cclark37 | Dec 9, 2014 |
I had mixed feelings about this book. It is based in rural China, and is a myth about a boy who almost drowns in a well because his brother cannot pronounce his name to ask for help. I don't think it is a great representation of Chinese culture, but the story is intriguing and the pictures are very unique. ( )
  tburfe1 | Dec 3, 2014 |
This is one of my favorites from when I was a child. I do a “Me Box” in the beginning of the year with my students and I fill a box with objects that describe me. This is always the book inside. My students beg me to read it many times throughout the year. It is a sweet story of two brothers in China, the first born having a long name because he is most honorable, and the second having a very short name because he is not as important as the first born son. The boys soon find out, that it is not always the best or safest thing to have a very long name, and by story’s end, we discover why the Chinese do not name their first born sons with extremely long names anymore. It is a fun book, that your children will begin to chant along with. ( )
  Taranto | Dec 2, 2014 |
A favorite from my childhood. I can still recite, Tikki Tikki Tembo's long name and can recall my sister's enthusiasm as she read this to me often at bedtime. A nice story of relationship between two brothers and the dynamics within a family and a culture. A memorable read. ( )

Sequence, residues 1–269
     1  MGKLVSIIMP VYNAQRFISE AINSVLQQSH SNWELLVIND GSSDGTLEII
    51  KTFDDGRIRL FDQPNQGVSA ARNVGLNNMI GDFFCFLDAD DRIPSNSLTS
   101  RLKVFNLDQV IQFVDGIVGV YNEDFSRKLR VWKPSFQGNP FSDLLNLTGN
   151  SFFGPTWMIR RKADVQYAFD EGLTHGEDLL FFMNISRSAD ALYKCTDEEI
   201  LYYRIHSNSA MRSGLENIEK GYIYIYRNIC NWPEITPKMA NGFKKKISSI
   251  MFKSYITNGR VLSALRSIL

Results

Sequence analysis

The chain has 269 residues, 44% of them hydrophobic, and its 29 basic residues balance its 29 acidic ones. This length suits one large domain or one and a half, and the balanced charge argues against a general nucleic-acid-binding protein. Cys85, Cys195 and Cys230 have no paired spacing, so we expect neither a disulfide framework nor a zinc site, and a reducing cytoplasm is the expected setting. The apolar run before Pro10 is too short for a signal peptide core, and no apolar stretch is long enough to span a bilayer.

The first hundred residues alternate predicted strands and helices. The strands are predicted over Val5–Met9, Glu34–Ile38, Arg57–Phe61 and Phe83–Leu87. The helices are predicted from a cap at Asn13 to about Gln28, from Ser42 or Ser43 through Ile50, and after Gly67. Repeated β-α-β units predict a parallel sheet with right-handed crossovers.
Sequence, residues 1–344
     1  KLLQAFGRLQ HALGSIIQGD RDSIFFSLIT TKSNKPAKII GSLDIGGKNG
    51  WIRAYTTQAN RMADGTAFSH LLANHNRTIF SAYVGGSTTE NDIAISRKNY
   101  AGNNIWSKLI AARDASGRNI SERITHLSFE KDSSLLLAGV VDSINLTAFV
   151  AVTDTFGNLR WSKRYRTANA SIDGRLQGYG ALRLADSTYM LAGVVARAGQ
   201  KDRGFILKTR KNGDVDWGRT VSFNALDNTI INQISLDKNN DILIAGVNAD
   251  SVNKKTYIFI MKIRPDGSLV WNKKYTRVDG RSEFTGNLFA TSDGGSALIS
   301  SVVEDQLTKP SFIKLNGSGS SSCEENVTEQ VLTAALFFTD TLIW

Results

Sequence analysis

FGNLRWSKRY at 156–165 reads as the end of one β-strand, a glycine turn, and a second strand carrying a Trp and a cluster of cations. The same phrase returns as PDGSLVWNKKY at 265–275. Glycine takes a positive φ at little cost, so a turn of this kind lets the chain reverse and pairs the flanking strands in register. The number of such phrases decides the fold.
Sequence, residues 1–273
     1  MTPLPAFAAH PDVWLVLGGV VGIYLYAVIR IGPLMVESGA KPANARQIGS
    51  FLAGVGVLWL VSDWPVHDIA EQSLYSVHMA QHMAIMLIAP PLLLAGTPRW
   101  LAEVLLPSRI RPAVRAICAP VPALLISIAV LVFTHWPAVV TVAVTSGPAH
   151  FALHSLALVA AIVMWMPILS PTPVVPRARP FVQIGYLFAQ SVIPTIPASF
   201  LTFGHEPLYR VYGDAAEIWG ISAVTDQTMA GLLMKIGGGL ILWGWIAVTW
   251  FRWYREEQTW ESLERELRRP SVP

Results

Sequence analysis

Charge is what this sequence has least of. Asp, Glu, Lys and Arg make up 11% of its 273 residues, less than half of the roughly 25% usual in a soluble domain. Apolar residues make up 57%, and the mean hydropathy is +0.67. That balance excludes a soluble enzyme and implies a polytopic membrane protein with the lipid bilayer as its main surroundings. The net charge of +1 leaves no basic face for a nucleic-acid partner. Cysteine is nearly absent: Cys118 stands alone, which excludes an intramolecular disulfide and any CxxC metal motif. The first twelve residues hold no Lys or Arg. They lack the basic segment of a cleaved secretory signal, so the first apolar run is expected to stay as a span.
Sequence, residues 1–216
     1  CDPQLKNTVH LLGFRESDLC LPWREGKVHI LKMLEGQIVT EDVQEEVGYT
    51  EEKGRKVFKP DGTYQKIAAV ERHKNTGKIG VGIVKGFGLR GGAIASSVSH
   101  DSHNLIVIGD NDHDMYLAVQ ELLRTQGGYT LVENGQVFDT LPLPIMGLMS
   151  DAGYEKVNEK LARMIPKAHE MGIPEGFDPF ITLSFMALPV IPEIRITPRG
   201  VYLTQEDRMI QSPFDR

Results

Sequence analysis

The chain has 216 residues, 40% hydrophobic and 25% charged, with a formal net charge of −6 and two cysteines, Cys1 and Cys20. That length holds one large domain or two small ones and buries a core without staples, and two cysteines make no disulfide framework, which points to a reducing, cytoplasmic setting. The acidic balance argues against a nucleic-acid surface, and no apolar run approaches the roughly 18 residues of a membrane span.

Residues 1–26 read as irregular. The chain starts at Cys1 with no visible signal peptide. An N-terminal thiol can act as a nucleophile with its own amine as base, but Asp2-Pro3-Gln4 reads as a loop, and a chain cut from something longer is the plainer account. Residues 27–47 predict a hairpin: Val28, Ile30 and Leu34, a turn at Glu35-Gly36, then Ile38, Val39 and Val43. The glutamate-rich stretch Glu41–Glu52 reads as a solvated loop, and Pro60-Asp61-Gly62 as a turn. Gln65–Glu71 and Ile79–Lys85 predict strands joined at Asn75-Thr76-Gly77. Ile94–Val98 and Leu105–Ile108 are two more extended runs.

lolhscybrarian | Nov 30, 2014 |
Showing 1-5 of 82 (next | show all)
I hope that people realize that "Tikki Tikki Tembo" contains very INCORRECT information about Chinese culture...What's even more disturbing is that the introduction written inside the book jacket made the story sound like a real folklore.

Below the review is a discussion of both the review and the book.
added by cej1027 | editChild_Lit, Shwu-yi Leu (Oct 2, 1998)

» Add other authors (3 possible)

Author nameRoleType of authorWork?Status
Arlene Moselprimary authorall editionsconfirmed
Lent, BlairIllustratormain authorall editionsconfirmed
You must log in to edit Common Knowledge data.
For more help see the Common Knowledge help page.
Series (with order)
Canonical title
Original title
Alternative titles
Original publication date
Important places
Important events
Related movies
Awards and honors
First words
Once, upon a time, a long, long time ago, it was the custom of all the fathers and mothers in China to give their first and honored sons great long long names.